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How do we ignore stimuli that are salient but irrelevant when our task is to select a lower salient stimulus? Since bottom-up processes favor high saliency, detection of a low-salient target in the presence of highly salient distractors requires top-down attentional guidance. Previous studies have demonstrated that top-down attention can modulate perceptual processing and also that the control of attention is driven by frontoparietal regions. However, to date, there is no direct evidence on the cause and effect relationship between control regions and perceptual processing. Here, we report the first evidence demonstrating a neural circuit for the downregulation of salient distractors when a low-salient target is selected, combining brain imaging using functional magnetic resonance imaging with brain stimulation by transcranial magnetic stimulation. Using these combined techniques, we were able to identify a cause and effect relationship in the suppression of saliency, based on an interaction between the left intraparietal sulcus (IPS) and a region implicated in visual processing in our task (the left occipital pole). In particular, low-salient stimuli were selected by the left IPS suppressing early visual areas that would otherwise respond to a high-saliency distractor in the task. Apart from providing a first documentation of the neural circuit supporting selection by saliency, these data can be critical for understanding the underlying causes of problems in ignoring irrelevant salience that are found in both acquired and neurodevelopmental disorders (e.g., attention deficit/hyperactivity disorder or autism).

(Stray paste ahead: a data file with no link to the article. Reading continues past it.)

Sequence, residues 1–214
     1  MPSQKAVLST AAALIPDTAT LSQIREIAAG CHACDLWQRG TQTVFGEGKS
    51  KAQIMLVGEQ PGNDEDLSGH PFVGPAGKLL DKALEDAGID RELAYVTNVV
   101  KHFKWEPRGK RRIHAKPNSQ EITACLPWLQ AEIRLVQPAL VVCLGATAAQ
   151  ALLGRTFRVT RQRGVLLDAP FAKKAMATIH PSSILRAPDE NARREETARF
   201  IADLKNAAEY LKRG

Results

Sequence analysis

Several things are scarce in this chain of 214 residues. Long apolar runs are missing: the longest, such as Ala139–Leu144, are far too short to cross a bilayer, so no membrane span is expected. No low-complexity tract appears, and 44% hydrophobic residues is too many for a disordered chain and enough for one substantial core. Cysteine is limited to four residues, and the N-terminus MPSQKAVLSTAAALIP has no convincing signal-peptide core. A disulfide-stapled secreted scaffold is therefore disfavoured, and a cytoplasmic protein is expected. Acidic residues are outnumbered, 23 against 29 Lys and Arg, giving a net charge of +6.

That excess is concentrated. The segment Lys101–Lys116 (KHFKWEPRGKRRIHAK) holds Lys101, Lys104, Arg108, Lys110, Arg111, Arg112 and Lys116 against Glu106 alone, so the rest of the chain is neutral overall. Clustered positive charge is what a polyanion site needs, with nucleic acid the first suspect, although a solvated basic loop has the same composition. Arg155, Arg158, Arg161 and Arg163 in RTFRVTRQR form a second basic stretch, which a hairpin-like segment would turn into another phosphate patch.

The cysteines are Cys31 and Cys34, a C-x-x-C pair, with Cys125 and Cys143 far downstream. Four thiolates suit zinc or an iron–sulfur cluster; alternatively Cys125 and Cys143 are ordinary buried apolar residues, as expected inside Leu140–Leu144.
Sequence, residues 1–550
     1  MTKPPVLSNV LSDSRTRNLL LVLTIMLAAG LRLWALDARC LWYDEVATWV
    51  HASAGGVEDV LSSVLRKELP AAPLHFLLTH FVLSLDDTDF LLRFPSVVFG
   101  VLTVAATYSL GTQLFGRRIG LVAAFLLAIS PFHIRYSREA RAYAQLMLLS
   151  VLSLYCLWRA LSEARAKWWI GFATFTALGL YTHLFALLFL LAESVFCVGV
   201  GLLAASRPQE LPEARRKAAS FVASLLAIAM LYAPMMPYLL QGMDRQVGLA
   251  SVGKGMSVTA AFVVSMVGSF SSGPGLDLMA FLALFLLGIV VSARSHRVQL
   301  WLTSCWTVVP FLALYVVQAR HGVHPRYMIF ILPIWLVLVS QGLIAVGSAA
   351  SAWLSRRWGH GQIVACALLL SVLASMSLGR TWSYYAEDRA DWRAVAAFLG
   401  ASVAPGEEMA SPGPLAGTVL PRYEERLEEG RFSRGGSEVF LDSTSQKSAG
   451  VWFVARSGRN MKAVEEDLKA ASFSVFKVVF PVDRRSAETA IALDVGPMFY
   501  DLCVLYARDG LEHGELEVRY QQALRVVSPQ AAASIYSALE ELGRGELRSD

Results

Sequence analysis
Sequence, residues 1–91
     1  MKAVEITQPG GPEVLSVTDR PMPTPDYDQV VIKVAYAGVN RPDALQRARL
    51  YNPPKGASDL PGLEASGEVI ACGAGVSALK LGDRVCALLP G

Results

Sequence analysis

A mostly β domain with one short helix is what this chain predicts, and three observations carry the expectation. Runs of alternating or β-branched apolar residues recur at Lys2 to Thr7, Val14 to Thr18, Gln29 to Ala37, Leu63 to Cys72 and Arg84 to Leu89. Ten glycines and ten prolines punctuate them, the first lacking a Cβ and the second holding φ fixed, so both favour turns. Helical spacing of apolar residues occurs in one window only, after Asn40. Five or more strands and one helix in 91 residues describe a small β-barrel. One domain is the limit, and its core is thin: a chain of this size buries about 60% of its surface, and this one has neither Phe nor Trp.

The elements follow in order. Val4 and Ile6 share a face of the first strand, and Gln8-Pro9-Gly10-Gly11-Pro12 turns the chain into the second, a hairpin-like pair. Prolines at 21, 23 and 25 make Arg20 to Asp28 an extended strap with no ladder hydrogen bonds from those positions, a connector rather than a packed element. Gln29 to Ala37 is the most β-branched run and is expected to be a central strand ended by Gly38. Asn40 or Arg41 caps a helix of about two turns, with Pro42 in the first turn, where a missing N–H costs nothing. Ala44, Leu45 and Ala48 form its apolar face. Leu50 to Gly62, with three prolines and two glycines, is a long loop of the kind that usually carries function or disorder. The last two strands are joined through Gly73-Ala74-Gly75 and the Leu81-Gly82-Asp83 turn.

Original publication




Journal article


J Neurosci

Publication Date





6072 - 6079


Adult, Attention, Brain, Brain Mapping, Executive Function, Female, Humans, Magnetic Resonance Imaging, Male, Neural Pathways, Neuropsychological Tests, Parietal Lobe, Transcranial Magnetic Stimulation, Visual Perception